The Earth’s surface is approximately 71 percent water, and the oceans hold the vast majority of that water. And yet, there is so much that remains unknown about the oceans. Ocean engineer Dr. Grace Young, a 2017 National Geographic Emerging Explorer, is working to better our understanding of the deep ocean. She has been involved in projects that include testing submersibles finding new ways to map coral reefs, working on robots that help monitor climate change, and combining underwater imaging and artificial intelligence to advance sustainable aquaculture. That is a lot of different ways to get to know the Earth’s oceans even better!
Being on, and in, the water has long been a large part of Grace’s life. While an engineering student at the Massachusetts Institute of Technology (MIT), she was a member of the sailing team for four years. In 2016, she sailed across the Atlantic Ocean for charity. The ocean has figured prominently into other aspects of her life as well. She tapped into her artistic side when she put together an exhibition of slow-motion underwater photography.
Young was one of six aquanauts selected for “Mission 31” led by Fabien Cousteau, the grandson of famed ocean explorer Jacques Cousteau. One purpose of the mission was to study the effects of climate change on the oceans. In 2014, for 15 days, Young lived and worked in an undersea lab called Aquarius in the Florida Keys built by the National Oceanic and Atmospheric Administration (NOAA). The big difference between living in an underwater habitat like Aquarius and a submarine is that Grace and her fellow aquanauts’ bodies are fully saturated to live and work freely at the same atmospheric pressure that exists on the seabed. This allows them to spend eight to twelve hours a day on research dives outside the habitat, whereas a normal SCUBA dive at that depth can only safely last about 45 minutes. Young and the other aquanauts designed and conducted experiments related to climate change, adapted a new high-speed camera for underwater use, and led daily virtual classroom sessions with K–12 students worldwide.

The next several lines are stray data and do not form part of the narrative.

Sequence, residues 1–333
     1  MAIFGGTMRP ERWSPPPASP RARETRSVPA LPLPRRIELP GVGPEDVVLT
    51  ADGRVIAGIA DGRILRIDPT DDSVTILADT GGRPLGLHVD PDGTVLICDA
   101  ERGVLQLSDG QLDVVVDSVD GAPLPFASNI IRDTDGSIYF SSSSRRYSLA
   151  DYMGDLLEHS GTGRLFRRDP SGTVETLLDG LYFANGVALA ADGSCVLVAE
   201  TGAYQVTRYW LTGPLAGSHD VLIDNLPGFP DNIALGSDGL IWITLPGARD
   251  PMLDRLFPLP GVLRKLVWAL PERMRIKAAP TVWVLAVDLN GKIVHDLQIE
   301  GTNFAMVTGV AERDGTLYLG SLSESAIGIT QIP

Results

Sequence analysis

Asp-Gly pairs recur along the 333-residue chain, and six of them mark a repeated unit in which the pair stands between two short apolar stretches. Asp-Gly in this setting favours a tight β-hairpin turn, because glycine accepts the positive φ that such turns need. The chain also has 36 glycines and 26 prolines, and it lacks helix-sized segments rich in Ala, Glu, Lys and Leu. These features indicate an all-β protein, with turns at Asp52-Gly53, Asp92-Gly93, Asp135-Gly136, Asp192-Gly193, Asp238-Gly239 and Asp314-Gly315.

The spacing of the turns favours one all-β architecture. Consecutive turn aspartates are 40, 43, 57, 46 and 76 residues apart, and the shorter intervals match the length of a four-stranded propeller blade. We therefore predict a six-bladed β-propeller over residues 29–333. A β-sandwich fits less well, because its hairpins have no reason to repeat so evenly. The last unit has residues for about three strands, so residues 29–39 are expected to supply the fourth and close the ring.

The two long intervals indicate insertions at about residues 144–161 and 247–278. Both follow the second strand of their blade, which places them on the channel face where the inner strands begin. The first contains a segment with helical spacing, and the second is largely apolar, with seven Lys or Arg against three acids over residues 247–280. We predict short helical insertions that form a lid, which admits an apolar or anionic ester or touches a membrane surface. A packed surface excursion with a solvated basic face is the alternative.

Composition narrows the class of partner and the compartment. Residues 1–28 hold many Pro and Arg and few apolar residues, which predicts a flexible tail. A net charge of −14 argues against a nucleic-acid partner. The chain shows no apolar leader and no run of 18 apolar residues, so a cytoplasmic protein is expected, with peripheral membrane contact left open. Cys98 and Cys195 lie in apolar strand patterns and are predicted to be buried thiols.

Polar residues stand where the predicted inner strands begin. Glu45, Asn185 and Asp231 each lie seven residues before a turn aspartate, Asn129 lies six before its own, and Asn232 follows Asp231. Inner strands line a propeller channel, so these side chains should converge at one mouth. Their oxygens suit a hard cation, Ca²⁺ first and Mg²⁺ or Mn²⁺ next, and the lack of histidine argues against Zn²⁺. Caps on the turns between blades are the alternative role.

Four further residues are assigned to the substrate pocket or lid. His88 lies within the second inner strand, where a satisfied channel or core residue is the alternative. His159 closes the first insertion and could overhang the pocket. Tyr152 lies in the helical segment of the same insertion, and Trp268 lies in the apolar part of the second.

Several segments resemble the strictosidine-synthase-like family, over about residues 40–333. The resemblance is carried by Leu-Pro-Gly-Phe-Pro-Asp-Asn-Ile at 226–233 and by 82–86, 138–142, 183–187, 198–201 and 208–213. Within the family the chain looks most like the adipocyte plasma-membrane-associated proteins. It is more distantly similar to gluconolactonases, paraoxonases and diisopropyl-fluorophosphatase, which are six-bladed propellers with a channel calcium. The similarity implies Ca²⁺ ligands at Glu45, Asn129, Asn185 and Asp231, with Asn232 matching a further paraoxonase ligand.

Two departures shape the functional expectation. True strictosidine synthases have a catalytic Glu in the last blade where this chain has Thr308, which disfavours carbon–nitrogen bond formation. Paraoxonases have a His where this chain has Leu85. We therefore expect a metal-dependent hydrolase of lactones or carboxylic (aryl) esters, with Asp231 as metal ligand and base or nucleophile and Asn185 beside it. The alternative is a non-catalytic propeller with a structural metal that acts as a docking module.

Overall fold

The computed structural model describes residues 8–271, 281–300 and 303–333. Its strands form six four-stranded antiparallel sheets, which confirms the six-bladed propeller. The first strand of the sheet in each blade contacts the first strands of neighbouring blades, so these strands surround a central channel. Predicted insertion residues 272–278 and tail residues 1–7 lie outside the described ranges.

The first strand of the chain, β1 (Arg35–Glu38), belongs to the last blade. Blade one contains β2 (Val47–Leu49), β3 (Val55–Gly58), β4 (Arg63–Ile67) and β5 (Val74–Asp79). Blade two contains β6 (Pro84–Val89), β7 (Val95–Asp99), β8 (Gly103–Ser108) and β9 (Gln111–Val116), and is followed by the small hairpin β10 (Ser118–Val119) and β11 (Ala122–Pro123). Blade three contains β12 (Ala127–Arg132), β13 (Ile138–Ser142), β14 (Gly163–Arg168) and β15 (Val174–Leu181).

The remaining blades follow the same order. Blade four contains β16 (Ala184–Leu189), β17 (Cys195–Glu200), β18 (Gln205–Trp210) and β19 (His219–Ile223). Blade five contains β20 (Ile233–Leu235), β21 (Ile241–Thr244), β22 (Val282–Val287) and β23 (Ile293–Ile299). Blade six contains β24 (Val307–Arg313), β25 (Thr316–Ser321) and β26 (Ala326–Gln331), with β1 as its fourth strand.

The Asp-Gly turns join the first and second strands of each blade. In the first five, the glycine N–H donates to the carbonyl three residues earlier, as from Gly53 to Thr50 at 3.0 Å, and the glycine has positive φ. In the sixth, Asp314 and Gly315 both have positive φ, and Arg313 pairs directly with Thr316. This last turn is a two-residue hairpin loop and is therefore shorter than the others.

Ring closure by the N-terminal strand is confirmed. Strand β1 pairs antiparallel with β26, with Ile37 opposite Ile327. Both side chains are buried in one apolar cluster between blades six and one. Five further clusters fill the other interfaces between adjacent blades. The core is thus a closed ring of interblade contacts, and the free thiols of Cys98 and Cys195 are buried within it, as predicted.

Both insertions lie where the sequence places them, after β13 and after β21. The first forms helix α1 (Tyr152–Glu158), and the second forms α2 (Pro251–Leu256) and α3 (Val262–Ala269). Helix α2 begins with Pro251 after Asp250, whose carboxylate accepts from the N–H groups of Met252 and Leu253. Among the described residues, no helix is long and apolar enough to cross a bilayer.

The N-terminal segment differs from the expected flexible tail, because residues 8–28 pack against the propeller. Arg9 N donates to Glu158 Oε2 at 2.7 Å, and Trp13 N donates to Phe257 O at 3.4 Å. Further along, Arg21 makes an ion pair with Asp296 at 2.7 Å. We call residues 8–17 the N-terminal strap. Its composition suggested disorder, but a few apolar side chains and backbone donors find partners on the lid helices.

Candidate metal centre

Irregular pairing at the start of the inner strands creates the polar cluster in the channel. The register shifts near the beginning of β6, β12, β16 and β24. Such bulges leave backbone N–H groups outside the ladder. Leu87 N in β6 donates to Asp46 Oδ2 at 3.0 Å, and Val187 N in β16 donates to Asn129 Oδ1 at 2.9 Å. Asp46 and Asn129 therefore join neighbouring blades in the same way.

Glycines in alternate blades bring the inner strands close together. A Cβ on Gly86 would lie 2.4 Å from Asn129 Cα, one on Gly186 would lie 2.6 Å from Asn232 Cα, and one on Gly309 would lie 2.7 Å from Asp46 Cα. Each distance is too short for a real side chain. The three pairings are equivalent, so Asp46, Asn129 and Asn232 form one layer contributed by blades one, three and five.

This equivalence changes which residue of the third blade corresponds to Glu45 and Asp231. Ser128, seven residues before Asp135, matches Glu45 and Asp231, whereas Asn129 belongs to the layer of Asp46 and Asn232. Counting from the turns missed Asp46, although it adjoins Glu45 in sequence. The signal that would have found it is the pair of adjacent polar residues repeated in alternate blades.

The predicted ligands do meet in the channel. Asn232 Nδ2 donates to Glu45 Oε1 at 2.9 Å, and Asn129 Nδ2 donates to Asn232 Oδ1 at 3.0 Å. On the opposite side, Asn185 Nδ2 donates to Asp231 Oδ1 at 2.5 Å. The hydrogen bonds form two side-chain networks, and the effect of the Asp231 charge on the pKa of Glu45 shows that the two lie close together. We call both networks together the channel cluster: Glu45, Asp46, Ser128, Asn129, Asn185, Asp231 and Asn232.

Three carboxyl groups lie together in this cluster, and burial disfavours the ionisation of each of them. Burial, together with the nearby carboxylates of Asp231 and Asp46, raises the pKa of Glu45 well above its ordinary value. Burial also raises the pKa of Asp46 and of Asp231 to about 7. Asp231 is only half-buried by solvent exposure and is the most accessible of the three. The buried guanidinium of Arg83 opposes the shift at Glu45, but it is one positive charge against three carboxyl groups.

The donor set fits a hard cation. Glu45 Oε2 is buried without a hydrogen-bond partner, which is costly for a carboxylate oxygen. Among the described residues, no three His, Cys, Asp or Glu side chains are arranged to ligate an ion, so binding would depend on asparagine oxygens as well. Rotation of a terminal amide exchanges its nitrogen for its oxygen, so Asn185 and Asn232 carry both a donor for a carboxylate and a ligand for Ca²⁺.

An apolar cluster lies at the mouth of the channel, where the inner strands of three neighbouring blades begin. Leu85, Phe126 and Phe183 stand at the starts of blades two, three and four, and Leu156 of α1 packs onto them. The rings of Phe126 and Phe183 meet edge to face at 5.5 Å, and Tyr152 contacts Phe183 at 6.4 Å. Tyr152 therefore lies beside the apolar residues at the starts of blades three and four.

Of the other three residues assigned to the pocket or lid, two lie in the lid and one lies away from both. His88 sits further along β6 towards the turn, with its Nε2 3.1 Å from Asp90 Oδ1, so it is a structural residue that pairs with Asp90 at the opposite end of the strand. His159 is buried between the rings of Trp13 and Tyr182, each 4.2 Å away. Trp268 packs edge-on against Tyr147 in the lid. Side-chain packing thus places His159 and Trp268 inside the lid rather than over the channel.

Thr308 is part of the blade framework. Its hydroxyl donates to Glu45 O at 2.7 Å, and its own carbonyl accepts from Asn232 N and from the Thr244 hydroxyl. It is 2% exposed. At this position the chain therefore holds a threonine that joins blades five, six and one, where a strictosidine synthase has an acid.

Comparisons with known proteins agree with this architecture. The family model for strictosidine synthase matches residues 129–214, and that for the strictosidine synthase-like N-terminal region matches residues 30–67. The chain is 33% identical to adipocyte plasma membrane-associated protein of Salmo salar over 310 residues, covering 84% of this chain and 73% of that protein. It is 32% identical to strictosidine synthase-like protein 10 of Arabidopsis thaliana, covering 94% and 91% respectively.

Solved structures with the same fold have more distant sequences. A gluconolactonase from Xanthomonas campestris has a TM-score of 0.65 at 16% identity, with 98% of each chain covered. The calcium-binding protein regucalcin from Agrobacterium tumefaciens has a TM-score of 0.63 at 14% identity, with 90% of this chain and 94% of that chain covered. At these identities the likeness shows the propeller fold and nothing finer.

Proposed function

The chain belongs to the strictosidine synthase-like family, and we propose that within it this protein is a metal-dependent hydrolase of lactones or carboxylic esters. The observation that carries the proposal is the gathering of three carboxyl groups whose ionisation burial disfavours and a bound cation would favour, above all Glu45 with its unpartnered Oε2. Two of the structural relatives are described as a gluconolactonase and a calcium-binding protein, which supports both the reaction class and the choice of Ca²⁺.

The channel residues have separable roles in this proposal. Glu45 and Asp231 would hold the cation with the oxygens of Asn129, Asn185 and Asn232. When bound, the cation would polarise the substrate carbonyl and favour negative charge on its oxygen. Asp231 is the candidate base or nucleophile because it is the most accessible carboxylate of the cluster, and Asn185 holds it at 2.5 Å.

While Grace’s work has primarily been about the ocean, her accomplishments have been applied to other areas as well. She has developed software and robots for different organizations including MIT, the European Organization for Nuclear Research (CERN), NOAA, Woods Hole Oceanographic Institution, and NASA. These organizations have worked to monitor marine ecosystems, study the health of endangered species, and make 3-D maps of the ice near the oceans to better understand climate change. Grace’s degrees in mechanical and ocean engineering from MIT and in engineering sciences and zoology at the University of Oxford helped prepare her for this work.
Grace is currently the lead scientist for Tidal, an initiative of Alphabet’s “moonshot factory” X, that aims to protect the ocean while feeding humanity sustainably. (Alphabet is Google’s parent company). She also serves as chief scientist for the Pisces VI deep sea research submarine which is planning an expedition to Antarctica next year.